UK Markets close in 2 hrs 56 mins

Pound hovers as EU chews over Johnson's new Brexit deal

Tom Belger
Finance and policy reporter
European Commission President Jean-Claude Juncker with British prime minister Boris Johnson in Luxembourg in September. Photo: AP Photo/Olivier Matthys

The pound hovered on Thursday as the fate of UK prime minister Boris Johnson’s Brexit plans hung in the balance, awaiting a response from the EU.

Johnson set out his proposals to break the Brexit deadlock on Wednesday, conceding some ground on previous apparent red lines.

He suggested Northern Ireland could remain under EU regulations for agri-food products and industrial goods, to reduce deeply controversial border checks with Ireland.

The European Commission is now pouring over the legal text sent by UK officials to Brussels, with meetings expected between negotiators and Johnson expected to hold talks with key EU leaders in the next few days.

The Commission said in a statement its president Jean-Claude Juncker welcomed the “positive advances” in the UK’s position, and said the EU was ready to “work 24/7” to make a deal happen.

But there is deep scepticism about the chances of a deal among many EU figures, UK opposition parties, business leaders and investors, given the significant gap between both sides’ demands just weeks before Britain is due to leave.

READ MORE: Boris Johnson speech to Conservative conference fails to lift bleak business mood

Sterling remained flat against the dollar (GBPUSD=X) at just under $1.23 in early trading on Monday , after a slight rise on Johnson’s speech but barely changed on the start of the week. It was also flat against the euro (GBPEUR=X) at just above €1.12.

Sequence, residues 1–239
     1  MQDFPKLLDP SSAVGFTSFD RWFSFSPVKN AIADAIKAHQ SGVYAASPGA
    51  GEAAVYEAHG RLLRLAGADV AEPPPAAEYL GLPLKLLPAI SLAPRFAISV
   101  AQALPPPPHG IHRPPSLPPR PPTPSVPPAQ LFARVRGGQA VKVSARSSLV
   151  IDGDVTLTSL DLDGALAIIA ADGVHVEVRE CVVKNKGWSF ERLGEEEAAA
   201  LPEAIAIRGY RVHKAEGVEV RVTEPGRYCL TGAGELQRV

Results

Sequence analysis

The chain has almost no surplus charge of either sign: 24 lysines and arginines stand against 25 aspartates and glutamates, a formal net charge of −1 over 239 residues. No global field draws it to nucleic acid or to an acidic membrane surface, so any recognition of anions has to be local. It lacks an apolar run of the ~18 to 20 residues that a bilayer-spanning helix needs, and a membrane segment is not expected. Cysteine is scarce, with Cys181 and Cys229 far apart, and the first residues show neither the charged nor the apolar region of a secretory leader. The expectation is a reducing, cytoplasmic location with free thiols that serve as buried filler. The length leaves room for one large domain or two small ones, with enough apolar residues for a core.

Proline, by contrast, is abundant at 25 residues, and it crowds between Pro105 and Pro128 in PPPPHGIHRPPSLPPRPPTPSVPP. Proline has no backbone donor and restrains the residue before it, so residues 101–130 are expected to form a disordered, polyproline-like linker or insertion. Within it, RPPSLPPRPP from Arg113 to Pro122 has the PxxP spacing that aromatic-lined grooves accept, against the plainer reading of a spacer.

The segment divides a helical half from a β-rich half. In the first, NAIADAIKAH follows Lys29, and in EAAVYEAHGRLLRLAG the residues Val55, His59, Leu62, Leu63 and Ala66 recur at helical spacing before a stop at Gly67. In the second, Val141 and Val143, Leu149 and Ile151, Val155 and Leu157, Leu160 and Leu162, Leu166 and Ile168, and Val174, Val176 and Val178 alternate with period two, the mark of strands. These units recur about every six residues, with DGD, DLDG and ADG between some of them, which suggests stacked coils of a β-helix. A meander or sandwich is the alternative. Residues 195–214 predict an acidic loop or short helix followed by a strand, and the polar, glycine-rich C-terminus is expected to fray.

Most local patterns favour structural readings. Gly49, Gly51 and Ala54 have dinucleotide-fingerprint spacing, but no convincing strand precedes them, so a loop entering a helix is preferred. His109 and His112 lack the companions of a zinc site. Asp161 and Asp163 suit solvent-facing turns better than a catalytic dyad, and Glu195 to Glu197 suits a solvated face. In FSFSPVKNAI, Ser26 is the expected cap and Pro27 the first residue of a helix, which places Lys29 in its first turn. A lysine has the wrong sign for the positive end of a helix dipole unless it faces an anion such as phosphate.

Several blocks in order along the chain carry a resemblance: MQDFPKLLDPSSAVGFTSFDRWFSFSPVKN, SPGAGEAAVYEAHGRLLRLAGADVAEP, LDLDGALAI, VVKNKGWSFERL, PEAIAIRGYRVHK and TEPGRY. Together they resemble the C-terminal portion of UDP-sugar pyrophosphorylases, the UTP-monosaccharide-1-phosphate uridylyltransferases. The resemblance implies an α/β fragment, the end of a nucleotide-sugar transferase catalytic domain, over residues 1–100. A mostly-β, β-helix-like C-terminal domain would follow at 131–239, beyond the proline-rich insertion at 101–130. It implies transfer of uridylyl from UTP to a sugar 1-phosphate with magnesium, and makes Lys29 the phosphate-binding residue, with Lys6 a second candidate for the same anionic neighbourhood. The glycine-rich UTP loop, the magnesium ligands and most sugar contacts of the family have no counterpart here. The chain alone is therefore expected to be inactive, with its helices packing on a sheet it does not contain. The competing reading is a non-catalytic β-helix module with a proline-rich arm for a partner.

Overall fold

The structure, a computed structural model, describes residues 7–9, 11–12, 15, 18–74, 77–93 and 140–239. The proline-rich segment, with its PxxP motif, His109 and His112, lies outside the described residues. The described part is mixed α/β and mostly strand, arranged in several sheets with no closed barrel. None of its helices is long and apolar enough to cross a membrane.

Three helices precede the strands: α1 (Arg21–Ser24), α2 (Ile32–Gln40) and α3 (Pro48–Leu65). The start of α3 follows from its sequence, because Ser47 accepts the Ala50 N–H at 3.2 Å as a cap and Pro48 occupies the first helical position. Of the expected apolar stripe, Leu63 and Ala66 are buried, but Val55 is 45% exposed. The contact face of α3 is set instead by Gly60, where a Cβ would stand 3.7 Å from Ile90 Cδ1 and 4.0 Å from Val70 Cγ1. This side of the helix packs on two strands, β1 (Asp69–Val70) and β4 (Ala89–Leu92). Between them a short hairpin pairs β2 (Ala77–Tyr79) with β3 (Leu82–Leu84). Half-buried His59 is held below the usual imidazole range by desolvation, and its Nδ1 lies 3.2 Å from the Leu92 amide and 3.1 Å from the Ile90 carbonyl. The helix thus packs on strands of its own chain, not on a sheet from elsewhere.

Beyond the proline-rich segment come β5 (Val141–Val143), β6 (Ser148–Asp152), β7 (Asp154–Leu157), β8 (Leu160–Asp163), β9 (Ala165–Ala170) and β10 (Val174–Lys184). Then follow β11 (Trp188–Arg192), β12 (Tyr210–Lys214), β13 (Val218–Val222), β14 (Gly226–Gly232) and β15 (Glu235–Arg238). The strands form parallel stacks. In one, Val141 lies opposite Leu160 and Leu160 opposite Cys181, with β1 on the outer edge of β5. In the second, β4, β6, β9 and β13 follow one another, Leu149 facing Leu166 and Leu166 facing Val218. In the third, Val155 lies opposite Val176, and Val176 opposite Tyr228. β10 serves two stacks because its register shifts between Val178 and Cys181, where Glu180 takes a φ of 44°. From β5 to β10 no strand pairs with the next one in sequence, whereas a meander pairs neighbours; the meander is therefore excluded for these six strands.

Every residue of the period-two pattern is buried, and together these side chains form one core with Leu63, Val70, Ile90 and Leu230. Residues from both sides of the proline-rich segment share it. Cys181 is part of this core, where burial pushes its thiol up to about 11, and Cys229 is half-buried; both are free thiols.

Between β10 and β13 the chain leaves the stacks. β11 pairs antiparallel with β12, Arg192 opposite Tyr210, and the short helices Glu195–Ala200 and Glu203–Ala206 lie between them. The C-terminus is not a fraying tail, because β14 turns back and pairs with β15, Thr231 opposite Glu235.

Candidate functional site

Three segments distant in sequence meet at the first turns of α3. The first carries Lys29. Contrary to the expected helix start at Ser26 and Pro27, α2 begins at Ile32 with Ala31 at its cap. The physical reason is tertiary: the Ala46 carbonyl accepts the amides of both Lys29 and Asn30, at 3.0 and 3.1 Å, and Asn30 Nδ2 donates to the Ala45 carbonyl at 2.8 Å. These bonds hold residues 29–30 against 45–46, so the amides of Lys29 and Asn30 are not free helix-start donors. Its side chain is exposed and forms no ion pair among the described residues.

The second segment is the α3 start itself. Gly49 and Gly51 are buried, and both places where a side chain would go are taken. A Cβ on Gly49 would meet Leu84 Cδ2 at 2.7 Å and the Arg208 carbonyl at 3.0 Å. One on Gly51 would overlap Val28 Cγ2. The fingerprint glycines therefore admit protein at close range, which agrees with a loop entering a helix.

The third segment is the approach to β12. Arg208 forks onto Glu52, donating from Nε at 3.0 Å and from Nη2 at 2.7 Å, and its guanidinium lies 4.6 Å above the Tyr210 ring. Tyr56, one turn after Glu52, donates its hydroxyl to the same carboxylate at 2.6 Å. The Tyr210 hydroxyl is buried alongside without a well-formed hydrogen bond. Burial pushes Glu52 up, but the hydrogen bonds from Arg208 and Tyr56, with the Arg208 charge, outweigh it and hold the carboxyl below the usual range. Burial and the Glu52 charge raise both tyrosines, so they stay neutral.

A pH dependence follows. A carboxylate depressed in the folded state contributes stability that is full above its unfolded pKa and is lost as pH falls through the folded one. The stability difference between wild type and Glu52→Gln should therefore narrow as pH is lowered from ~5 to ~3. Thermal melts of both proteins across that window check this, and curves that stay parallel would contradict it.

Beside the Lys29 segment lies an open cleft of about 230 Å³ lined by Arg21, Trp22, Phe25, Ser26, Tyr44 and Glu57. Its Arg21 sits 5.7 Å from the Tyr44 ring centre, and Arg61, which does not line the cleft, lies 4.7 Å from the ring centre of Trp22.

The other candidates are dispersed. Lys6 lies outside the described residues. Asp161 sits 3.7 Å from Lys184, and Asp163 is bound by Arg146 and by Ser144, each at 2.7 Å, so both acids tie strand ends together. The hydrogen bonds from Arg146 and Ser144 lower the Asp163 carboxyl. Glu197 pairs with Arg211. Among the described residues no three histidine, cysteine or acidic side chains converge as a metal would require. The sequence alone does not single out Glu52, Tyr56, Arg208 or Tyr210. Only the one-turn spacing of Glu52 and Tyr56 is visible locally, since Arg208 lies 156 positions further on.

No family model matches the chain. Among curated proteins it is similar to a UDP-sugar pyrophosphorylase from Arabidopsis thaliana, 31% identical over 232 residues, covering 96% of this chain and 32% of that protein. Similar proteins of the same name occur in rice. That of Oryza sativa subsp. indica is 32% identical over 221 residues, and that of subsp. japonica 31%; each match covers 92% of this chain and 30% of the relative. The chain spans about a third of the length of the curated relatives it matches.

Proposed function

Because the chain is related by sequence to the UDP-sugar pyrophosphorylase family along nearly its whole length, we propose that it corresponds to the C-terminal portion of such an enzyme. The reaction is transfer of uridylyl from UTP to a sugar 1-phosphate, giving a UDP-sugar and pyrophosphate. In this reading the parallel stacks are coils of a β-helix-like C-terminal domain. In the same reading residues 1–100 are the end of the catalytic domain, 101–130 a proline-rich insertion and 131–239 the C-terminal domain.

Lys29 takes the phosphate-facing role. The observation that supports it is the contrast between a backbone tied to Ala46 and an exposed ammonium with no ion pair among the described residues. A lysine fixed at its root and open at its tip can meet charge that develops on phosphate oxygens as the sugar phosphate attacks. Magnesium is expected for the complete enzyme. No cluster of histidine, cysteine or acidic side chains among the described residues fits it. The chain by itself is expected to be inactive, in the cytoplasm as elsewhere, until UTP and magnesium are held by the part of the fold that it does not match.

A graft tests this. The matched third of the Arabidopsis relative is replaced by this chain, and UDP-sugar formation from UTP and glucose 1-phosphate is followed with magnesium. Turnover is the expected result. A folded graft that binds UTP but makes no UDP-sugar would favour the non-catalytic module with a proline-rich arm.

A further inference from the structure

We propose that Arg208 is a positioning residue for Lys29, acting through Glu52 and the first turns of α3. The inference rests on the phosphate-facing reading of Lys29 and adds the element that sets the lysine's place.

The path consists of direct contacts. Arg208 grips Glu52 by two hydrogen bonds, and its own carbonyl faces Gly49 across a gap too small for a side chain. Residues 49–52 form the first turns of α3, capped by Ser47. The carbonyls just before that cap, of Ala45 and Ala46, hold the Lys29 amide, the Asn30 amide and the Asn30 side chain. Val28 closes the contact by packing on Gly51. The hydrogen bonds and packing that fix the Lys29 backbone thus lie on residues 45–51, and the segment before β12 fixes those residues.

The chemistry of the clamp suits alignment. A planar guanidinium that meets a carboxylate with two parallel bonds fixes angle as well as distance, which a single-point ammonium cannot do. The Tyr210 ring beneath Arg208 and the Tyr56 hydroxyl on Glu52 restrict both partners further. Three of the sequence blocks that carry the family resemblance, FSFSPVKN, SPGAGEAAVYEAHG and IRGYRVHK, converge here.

Deutsche Bank analysts said in a note to clients they did not expect EU leaders to agree to the offer, leaving their expectations of a deal unchanged at 20% and a no-deal Brexit unchanged at 50%.

Commenting on one version of the proposals leaked shortly before their publication yesterday, they wrote: “The two major sticking points concern the physical infrastructure required on either side of the Irish border to implement the proposals, including customs infrastructure, which the Irish govern-ment has consistently rejected, and consequences for single market integrity arising from both Northern Ireland leaving the EU's VAT area, and exemption from level playing field provisions.”

“Similarly, at face value, we see limited prospects of this deal passing the UK parliament. The proposals facilitate a hard form of Brexit, with the UK leaving the orbit of the EU customs union and single market in not much over a year.”

READ MORE: UK construction in ‘devastating’ downturn as Brexit deters building

Naeem Aslam, chief market analyst at ThinkMarkets, highlighted Johnson’s delicate balancing act between giving ground to the EU and reassuring Conservative MPs wary of keeping Northern Ireland tied too closely to EU rules.

“He needs to convince Eurosceptics to get this deal over the line. The biggest risk is that if he fails to secure enough backing from the parliament and the EU, an accidental no-deal Brexit is the only option,” said Aslam.

European members of parliament are also expected to outline their opposition to the plans on Thursday, while Labour opposition leader Jeremy Corbyn and Irish prime minister Leo Varadkar have already criticised the proposals.